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  “genius” in Latin life
gary e. davis
May 2020
Romans BCE appropriated Greek lineage by transforming ancestral authority into authority by “genius” as chosenness by a selected god. Firstly, according to Harold Bloom’s Genius (2001), “genius” was “the family’s fathering force” (2). This became “each individual’s alter ego” (ibid.), which is literally Latin for “second I.” (Freud appropriated a common Latin notion.) For common parlance (14th century)—worth noting the obvious as plurality—that’s “1 : a second self…a : a trusted friend… b : a confidential representative… c : a guardian spirit…. d : the opposite side of a personality” and “d : counterpart.” In other words the ordinary notion of second self is nebulous (friend, representative, spirit, opposite, complement) in being nebulously relational (trusted, confidantial, guardian, or of a personality, kindred or not). To “be” one’s second self is resonantly ambiguous, generatively of oneSelf. The Self/self difference is nubulous: numinous and generative.

By the way, that “c : guardian spirit” for American English is a notion among First Peoples (“often represented in South and Central American Indian carvings”), which traces back to Siberian tribes (maybe even Polynesian) many thousands of years, perhaps more than ten millennia: “a guardian spirit often represented…by the figure of an animal on the head, back, or shoulders of a human being.”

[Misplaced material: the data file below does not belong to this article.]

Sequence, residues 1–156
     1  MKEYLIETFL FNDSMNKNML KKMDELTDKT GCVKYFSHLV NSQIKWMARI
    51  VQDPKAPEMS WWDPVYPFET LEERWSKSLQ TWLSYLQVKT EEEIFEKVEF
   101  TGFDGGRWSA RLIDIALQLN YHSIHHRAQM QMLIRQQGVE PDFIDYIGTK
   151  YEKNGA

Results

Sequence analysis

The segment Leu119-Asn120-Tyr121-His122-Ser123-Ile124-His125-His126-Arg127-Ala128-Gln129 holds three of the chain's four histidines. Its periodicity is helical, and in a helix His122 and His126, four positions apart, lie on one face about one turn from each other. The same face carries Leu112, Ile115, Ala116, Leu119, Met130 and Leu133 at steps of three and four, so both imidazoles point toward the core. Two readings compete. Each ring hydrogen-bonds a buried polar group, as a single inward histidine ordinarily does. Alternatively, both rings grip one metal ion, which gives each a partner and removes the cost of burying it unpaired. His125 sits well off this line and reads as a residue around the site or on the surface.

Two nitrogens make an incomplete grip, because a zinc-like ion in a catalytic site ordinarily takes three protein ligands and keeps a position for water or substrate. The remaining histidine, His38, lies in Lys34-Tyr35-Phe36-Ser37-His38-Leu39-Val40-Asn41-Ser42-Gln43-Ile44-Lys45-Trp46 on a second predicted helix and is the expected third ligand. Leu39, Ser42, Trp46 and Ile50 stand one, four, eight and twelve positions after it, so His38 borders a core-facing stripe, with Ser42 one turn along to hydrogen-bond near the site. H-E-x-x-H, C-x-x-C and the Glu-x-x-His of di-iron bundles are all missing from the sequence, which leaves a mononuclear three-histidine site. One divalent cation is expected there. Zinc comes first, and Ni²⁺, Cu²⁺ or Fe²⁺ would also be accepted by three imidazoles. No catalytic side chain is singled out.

I’m reminded of the 13th century English carving imaged on the cover of Derrida’s The Post Card: from Socrates to Freud, showing Plato behind Socrates, guiding the hand of Socrates writing. Of course, Socrates is a Platonic character (albeit known to living folklore), portrayed in the Dialogues as being documented. But actually, Plato is the genius of Socrates’ grammatology or writing-in-speech, i.e., being Socrates’ immanently-second self, as if there’s no difference for Plato between playwright and documentarian—which is Plato’s secret poiesis that discounts the poets! (Also, I recall the title of Derrida’s 2-volume Psyche: invention of the other.)

“But I digress” (a chirpy seque of funny Gail Collins at the NYTimes, writing about political theatrics.) Back in the Roman Empire… The notion of alter ego provides an emperor the chance to declare his self-chosen genius. That is, the emporer channels his chosen divinity. “In Plutarch,” writes Bloom, “Mark Anthony’s genius is the god Bacchus [Roman] or Dionysus [Greek]. Shakespeare, in his Anthony and Cleopatra, had the god Hercules, as Anthony’s genius, abandon him” (1).

Ergo, the notion of authority by divine genius, not simply by authority of sanctified ethnic lineage. Nonetheless, notes Bloom, “in ancient Rome, the concept of authority was foundational(2), in the sense of the prevailing sway of the past: “…authority [auctoritas] always depended upon augumenting [augere] the foundation, thus carrying the past alive into the present” (op. cit.: 2).

But the “carrying” was intergenerationally transformative, I would argue, because Hellenistic civilization had a protean genius for multicultural tolerance, which originated in the northcentral Mediterranean; and which the Roman empire, at its best, sustained (or at least tolerated).

A keynote for another day is that the acknowledgment of genius—whether posses-sed or embodied—made S/s authority integrally hermeneutical, which had cult-urally progressive efficacy.

next—> “genius” in creative odysseys



  Be fair. © 2020, gary e. davis